The International Energy Agency (IEA) on Friday cut its oil demand growth forecast for 2008 to the lowest rate in 15 years, citing economic weakness and “a spiraling liquidity crisis.”
In a monthly report, the agency, adviser to 28 industrialized countries, reduced its 2008 demand growth forecast by 250,000 barrels per day (bpd) to 440,000 bpd. This represents a 0.5% growth rate -- the lowest in percentage terms since 1993. The report adds to evidence slowing economies and the worsening financial crisis are reducing oil consumption. Oil prices fell further after it was released to a one-year low near $81 a barrel.
But the IEA cautioned against too much focus on demand, saying the credit crisis would also impact investment in bringing on new oil supply. Already, world output fell by more than 1 million bpd in September partly because of storm disruption in the US Gulf, it said. “The key message is the downward adjustments in the demand numbers in line with the weaker economic prognosis,” IEA analyst David Fyfe told Reuters. “But we’ve also lost quite a lot of oil on the supply side in recent months.”
World oil demand is expected to average 86.5 million bpd in 2008. The agency also lowered its growth forecast for 2009 as well, cutting the prediction by 190,000 bpd to 690,000 bpd.
The Paris-based agency said the impact of global economic weakness was most acute in developed countries while developing economies were showing “a degree of resilience.” “Although non-OECD slowdown is also likely, it is by no means certain that growth will be choked off altogether,” it said. “We have yet to see unambiguous evidence of a sharp slowdown in China, while Middle Eastern demand growth remains robust.”
The IEA, which has long warned investment in new oilfields and refineries was inadequate, said the credit crisis had made matters worse. “Credit shortages are rapidly becoming yet another in a long line of impediments to industry investment,” it said. In particular, it said investment was already being affected in highly-leveraged companies in the Caspian and in Russia, the world’s biggest non-OPEC oil exporter.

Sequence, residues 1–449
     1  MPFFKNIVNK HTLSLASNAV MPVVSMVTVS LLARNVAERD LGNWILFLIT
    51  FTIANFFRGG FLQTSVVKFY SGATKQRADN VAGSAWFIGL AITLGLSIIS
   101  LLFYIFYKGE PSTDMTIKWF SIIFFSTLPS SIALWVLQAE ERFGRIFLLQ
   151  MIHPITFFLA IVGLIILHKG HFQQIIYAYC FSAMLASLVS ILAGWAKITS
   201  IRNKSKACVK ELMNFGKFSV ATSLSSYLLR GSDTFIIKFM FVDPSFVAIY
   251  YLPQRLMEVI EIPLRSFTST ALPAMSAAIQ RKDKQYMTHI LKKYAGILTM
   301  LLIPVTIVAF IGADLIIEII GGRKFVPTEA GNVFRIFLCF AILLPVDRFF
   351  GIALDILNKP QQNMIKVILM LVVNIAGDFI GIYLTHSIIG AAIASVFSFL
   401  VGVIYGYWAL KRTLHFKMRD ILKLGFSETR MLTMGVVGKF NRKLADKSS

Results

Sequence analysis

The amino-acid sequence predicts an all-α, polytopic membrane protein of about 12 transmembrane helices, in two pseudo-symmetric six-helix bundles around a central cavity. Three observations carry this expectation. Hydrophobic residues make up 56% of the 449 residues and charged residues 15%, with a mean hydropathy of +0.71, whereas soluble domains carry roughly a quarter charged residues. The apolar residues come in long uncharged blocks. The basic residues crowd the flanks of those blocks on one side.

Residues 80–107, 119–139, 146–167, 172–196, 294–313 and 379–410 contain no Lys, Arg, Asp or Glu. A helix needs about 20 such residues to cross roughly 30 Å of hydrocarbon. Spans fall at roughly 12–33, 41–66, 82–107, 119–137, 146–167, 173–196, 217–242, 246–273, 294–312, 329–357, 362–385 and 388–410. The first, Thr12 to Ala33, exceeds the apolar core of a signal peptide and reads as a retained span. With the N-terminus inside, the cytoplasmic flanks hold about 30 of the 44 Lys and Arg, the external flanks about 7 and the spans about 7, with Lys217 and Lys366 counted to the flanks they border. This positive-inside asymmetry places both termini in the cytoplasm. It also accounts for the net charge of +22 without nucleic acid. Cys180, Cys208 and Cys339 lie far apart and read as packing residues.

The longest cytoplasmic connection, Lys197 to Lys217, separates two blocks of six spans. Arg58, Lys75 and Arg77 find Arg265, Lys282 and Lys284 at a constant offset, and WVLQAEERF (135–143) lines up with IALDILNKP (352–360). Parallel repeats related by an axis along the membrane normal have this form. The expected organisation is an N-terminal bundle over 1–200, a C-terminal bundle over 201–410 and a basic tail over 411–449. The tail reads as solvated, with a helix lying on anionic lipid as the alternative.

The agency cut its forecast for supply outside OPEC this year, citing lower production at a field in Azerbaijan and the impact of storm disruption on Gulf of Mexico energy installations. As a result, 2008 non-OPEC oil output growth has been almost wiped out to an average of only 150,000 bpd. The IEA also trimmed the supply forecast for 2009, predicting growth of 655,000 bpd.
OPEC has also been pumping fewer barrels, reducing output by 300,000 bpd to 32.3 million bpd last month. The IEA said that was more the result of outages in Angola, Iraq and Nigeria than deliberate cutbacks. At its September meeting, the Organization of the Petroleum Exporting Countries said it would trim about 500,000 bpd of output it was pumping above agreed targets.
In response to deep price falls this week, several OPEC ministers said supply should be cut further and the group has called an extra emergency meeting on Nov. 18 in Vienna to discuss the impact of the financial crisis. OPEC had not been expected to meet again until a Dec. 17 gathering in Algeria. (Reuters)